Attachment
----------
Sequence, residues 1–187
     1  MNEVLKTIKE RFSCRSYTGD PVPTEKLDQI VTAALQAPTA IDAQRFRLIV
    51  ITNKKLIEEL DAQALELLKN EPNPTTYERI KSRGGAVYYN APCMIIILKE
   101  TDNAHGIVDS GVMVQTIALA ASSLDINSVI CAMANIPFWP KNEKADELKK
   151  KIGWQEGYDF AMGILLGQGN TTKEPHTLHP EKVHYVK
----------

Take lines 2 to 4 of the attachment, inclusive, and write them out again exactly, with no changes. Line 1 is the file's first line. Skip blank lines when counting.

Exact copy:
     1  MNEVLKTIKE RFSCRSYTGD PVPTEKLDQI VTAALQAPTA IDAQRFRLIV
    51  ITNKKLIEEL DAQALELLKN EPNPTTYERI KSRGGAVYYN APCMIIILKE
   101  TDNAHGIVDS GVMVQTIALA ASSLDINSVI CAMANIPFWP KNEKADELKK